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Open AccessArticle

The Interacting Head Motif Structure Does Not Explain the X-Ray Diffraction Patterns in Relaxed Vertebrate (Bony Fish) Skeletal Muscle and Insect (Lethocerus) Flight Muscle

1
School of Optometry and Vision Science, Cardiff University, Cardiff CF10 3NB, UK
2
Division of Structural Biology, Institute of Cancer Research, London SW7 3RP, UK
3
Muscle Contraction Group, School of Physiology, Pharmacology and Neuroscience, University of Bristol, Bristol BS8 1TD, UK
4
Computational and Systems Medicine, Faculty of Medicine, Imperial College, London SW7 2BZ, UK
*
Author to whom correspondence should be addressed.
Biology 2019, 8(3), 67; https://doi.org/10.3390/biology8030067
Received: 18 July 2019 / Revised: 31 August 2019 / Accepted: 10 September 2019 / Published: 14 September 2019
(This article belongs to the Special Issue Feature Papers 2019)
Unlike electron microscopy, which can achieve very high resolution but to date can only be used to study static structures, time-resolved X-ray diffraction from contracting muscles can, in principle, be used to follow the molecular movements involved in force generation on a millisecond timescale, albeit at moderate resolution. However, previous X-ray diffraction studies of resting muscles have come up with structures for the head arrangements in resting myosin filaments that are different from the apparently ubiquitous interacting head motif (IHM) structures found by single particle analysis of electron micrographs of isolated myosin filaments from a variety of muscle types. This head organization is supposed to represent the super-relaxed state of the myosin filaments where adenosine triphosphate (ATP) usage is minimized. Here we have tested whether the interacting head motif structures will satisfactorily explain the observed low-angle X-ray diffraction patterns from resting vertebrate (bony fish) and invertebrate (insect flight) muscles. We find that the interacting head motif does not, in fact, explain what is observed. Previous X-ray models fit the observations much better. We conclude that the X-ray diffraction evidence has been well interpreted in the past and that there is more than one ordered myosin head state in resting muscle. There is, therefore, no reason to question some of the previous X-ray diffraction results on myosin filaments; time-resolved X-ray diffraction should be a reliable way to follow crossbridge action in active muscle and may be one of the few ways to visualise the molecular changes in myosin heads on a millisecond timescale as force is actually produced. View Full-Text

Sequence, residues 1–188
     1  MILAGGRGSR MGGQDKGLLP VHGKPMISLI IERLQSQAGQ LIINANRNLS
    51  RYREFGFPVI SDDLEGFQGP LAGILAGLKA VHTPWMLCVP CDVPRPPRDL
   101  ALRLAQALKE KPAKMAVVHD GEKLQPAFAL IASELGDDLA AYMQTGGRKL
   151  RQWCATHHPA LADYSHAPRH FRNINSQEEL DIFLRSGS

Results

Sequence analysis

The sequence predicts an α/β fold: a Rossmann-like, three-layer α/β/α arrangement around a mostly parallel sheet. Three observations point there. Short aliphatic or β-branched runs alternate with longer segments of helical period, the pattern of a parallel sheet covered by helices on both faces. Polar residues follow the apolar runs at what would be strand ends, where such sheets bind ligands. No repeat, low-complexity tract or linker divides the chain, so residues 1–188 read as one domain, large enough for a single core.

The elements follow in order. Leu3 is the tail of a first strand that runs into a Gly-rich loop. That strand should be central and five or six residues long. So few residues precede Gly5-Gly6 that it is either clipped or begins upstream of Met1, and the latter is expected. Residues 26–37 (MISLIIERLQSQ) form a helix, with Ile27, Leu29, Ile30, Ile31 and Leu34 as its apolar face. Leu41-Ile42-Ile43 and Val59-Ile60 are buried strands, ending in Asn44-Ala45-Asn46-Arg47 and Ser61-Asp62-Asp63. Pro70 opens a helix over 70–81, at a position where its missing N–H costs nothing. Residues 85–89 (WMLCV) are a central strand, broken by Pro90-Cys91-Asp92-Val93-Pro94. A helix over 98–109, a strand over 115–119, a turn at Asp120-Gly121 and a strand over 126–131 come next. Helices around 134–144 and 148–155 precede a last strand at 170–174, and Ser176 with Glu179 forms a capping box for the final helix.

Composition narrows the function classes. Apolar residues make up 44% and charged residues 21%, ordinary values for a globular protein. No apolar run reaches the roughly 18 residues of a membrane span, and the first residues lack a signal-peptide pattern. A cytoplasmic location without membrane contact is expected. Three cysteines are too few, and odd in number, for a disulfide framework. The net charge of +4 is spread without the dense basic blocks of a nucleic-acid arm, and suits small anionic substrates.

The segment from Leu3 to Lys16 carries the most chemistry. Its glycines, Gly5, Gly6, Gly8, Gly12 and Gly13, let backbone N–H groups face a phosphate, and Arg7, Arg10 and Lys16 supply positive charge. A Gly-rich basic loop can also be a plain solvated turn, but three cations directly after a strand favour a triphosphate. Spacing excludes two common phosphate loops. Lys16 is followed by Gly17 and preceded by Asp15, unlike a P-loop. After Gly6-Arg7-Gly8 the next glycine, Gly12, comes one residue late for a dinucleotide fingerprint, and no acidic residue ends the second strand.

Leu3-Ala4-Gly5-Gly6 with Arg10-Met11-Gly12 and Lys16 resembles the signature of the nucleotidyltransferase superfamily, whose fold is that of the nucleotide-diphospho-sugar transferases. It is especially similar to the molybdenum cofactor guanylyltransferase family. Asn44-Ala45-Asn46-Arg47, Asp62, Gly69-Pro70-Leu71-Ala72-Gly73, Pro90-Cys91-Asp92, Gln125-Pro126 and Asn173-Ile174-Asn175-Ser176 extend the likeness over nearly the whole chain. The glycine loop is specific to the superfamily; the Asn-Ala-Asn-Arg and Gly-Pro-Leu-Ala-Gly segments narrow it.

Keywords: bony fish muscle; insect flight muscle; myosin filament structure; myosin crossbridge cycle; thick filament activation; interacting head motif bony fish muscle; insect flight muscle; myosin filament structure; myosin crossbridge cycle; thick filament activation; interacting head motif
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Knupp, C.; Morris, E.; Squire, J.M. The Interacting Head Motif Structure Does Not Explain the X-Ray Diffraction Patterns in Relaxed Vertebrate (Bony Fish) Skeletal Muscle and Insect (Lethocerus) Flight Muscle. Biology 2019, 8, 67.

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